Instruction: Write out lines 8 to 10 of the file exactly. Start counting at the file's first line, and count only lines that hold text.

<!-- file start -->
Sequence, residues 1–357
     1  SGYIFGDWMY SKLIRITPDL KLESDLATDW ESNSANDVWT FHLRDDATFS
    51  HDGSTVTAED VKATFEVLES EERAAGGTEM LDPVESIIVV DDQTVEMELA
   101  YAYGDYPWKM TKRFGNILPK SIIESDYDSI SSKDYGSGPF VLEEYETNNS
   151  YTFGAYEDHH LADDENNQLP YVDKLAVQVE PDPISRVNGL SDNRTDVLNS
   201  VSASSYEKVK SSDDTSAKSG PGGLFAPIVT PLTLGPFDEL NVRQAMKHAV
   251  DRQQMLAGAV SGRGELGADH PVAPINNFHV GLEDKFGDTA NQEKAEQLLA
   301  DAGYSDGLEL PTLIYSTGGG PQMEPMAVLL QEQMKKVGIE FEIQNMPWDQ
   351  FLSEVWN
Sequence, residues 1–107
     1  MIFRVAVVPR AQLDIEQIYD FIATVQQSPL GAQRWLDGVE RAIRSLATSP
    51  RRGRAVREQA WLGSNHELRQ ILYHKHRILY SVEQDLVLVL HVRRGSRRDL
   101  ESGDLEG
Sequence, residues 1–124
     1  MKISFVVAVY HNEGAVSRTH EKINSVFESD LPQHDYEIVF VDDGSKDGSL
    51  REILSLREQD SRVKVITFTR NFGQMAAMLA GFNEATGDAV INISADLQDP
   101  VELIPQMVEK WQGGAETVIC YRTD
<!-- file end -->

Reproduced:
   301  DAGYSDGLEL PTLIYSTGGG PQMEPMAVLL QEQMKKVGIE FEIQNMPWDQ
   351  FLSEVWN
Sequence, residues 1–107